Houston service workers struggle as coronavirus disrupts bar and restaurant service – Houston Public Media


A sign on the door of the Midtown Axelrad bar announcing its closure. Bars and nightclubs are closed in an attempt to stop the spread of the coronavirus, and restaurants have been urged to limit service, leading to layoffs and uncertainty among service workers.

Lonne Martinec worked for a Goode Company restaurant for almost nine years. She was a waitress at Goode Co. Seafood on Westpark, and also worked to train new hires.

But last week the restaurant suddenly closed. It was shortly after the city of Houston announced that establishments that served food were only to switch to take-out and delivery service, in order to help slow the spread of the coronavirus.

“They told us we were going to be open only to take out for a short time,” said Martinec, 64. “And the people who showed up for take out all of a sudden… they said they had been turned back at the door and told to leave.”

Then, Martinec said, all of the employees in that place got a letter from the company, “that says you’ve all been fired, blah, blah, blah. If you have any of our property, you have to return it. “

Goode Company did not respond to calls and emails seeking comment, but on its Facebook page, the company said only four of its 11 restaurants remained open for take-out and delivery and that it had transferred some of its employees to help with deliveries to those locations.

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But many more are now unemployed.

“A best friend of mine has worked there for over 20 years, and she was fired. She’s a waitress,” Martinec said. “Another executive friend, who has worked there for 25 years, has been fired.”

This is true for probably thousands of service workers in Greater Houston, as restaurant ordering and now stay-at-home ordering across the county continues to change food service and shut down bars and nightclubs across the county. greater Houston area.

“Business has plummeted, the capacity of hotels and airports (in particular) in particular, the restaurants inside the hotel, the bars inside the hotel,” said Darnell Tingle, lead organizer. by Unite HERE Local 23.

The union represents around 3,000 workers in the hotel, concession, airport and gaming industries. Tingle said he expects layoffs of service workers to reach 80% within the next week.

“For now, we are just making sure that workers are able to collect unemployment, because it is a layoff and not a layoff,” he said. “We will make sure they are readily available to return to work when they are available.”

Until then, these workers have to look for other work or use unemployment benefits to help them get through this period.

Recognizing the impact on workers in the service industry in Houston, social activist Ali Lozano, whose girlfriend is a bartender, launched a “virtual tip pot” for them.

This is a Google document listing workers and their Venmo or PayPal information. And this is something that is being done in several other cities in the United States. Those who wish to be included simply complete a submission form.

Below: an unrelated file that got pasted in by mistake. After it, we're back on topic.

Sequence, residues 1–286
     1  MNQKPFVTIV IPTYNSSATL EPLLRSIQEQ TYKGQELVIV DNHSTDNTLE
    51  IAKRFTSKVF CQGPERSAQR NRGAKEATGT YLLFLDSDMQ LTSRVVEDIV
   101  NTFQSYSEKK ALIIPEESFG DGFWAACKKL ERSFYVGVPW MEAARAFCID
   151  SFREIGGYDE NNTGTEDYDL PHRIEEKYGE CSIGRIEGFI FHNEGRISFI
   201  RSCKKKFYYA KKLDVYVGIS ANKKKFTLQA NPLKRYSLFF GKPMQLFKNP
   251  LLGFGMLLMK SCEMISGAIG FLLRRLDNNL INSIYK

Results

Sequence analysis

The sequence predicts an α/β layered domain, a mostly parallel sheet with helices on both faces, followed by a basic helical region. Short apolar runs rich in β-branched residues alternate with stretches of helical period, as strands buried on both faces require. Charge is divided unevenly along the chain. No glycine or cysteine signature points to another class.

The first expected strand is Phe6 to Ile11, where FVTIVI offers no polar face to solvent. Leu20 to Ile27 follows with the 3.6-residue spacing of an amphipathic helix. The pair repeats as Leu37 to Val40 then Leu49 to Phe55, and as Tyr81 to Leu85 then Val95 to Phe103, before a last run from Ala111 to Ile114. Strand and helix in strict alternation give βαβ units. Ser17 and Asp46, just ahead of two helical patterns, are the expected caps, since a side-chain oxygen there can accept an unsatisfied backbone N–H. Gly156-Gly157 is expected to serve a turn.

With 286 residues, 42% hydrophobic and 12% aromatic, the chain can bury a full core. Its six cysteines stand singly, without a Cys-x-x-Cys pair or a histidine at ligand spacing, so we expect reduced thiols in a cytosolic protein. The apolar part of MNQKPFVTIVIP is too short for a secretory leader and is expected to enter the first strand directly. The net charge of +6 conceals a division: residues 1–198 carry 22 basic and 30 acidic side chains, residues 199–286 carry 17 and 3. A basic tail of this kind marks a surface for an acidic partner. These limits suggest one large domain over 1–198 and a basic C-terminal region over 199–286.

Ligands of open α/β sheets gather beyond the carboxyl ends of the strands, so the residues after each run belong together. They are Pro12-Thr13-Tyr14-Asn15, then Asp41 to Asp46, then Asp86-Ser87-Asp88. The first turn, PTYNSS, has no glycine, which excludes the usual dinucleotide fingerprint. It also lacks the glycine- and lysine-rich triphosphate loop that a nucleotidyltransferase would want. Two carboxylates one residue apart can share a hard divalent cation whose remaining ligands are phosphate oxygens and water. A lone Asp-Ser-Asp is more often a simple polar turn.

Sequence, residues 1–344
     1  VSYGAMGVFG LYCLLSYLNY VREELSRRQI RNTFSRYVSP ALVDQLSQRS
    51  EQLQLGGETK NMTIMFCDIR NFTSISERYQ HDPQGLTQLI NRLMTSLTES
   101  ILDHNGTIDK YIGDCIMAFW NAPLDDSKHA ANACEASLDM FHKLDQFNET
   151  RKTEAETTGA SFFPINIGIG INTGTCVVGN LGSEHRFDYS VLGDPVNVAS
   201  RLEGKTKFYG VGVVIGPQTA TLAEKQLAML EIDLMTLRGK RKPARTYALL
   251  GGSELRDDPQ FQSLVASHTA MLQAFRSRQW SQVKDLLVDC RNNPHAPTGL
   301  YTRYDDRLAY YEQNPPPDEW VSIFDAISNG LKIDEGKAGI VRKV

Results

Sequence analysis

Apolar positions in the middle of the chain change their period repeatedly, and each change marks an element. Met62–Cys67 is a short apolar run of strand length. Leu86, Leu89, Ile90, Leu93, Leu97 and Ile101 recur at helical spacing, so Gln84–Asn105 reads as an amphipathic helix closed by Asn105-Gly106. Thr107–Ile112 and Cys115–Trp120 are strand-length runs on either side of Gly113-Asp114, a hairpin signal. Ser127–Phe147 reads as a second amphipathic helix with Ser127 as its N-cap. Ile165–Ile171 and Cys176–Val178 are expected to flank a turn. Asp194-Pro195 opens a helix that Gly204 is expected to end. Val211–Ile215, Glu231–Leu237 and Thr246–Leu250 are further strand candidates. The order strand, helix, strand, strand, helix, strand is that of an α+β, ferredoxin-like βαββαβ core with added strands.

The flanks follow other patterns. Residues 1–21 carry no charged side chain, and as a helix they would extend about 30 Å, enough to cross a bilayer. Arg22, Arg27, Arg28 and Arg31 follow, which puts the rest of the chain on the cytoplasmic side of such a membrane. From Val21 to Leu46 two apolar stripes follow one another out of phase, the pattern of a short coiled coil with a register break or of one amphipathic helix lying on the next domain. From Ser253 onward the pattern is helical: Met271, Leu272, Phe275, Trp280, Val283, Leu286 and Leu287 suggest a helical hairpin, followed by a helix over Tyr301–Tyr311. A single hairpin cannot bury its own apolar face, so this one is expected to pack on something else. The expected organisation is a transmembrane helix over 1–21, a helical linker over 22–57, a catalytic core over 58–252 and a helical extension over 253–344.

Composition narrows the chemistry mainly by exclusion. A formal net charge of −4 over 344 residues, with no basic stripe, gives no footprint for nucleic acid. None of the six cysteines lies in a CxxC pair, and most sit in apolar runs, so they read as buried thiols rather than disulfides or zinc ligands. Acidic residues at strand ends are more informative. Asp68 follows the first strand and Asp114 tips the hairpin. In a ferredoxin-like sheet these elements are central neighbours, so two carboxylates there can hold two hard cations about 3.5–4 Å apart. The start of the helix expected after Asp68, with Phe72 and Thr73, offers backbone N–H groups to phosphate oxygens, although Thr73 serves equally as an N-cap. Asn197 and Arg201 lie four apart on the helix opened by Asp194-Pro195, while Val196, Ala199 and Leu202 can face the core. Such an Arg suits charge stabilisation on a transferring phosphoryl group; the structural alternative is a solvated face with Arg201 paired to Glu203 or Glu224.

“Essentially, the submission form translates directly and fills out in an Excel spreadsheet,” Lozano said. “And then all I did was put the Excel spreadsheet in a read-only privacy setting, so that everyone can see it but no one can edit it.”

The hope is that people will support the waiters or bartenders at their favorite eating or drinking places.

Lozano put the listing on social networks, where it has been shared by many others.

So far, it contains nearly 2,000 names, and Lozano said he heard anecdotally that people were in fact receiving money.

“A lot of the captions are ‘virtual tip’ or ‘thank you for the virtual drink,’ with really funny emojis and things like that,” Lozano said. “So that’s really cool to see.”

Martinec, the former Goode Company waitress, said she was lucky because she got a job as a delivery driver at a Star Pizza, where her husband is a manager.

She said that even if the seafood restaurant were to reopen, she would not try to get her old job back. Her plan now is to deliver pizza for as long as she can.

“It wasn’t how I expected to go out,” she said. “I had planned to work at Goode Co. for 10 years.”

For some business owners who are trying to take care of their longtime employees, the help available is limited. At the Clear Lake Hunan Restaurant, business declined throughout the month as people stayed home more often. With the city ordering, owner Xiaowei Zhu expects to lose up to half of his business, which is normally roughly evenly split between on-site dining, take-out and delivery.

He said many of his employees had been with him for years.

“I try to keep them because when they lose their jobs, they find it difficult to pay their rent and their meals,” he said. “But I don’t know how far we can go.”

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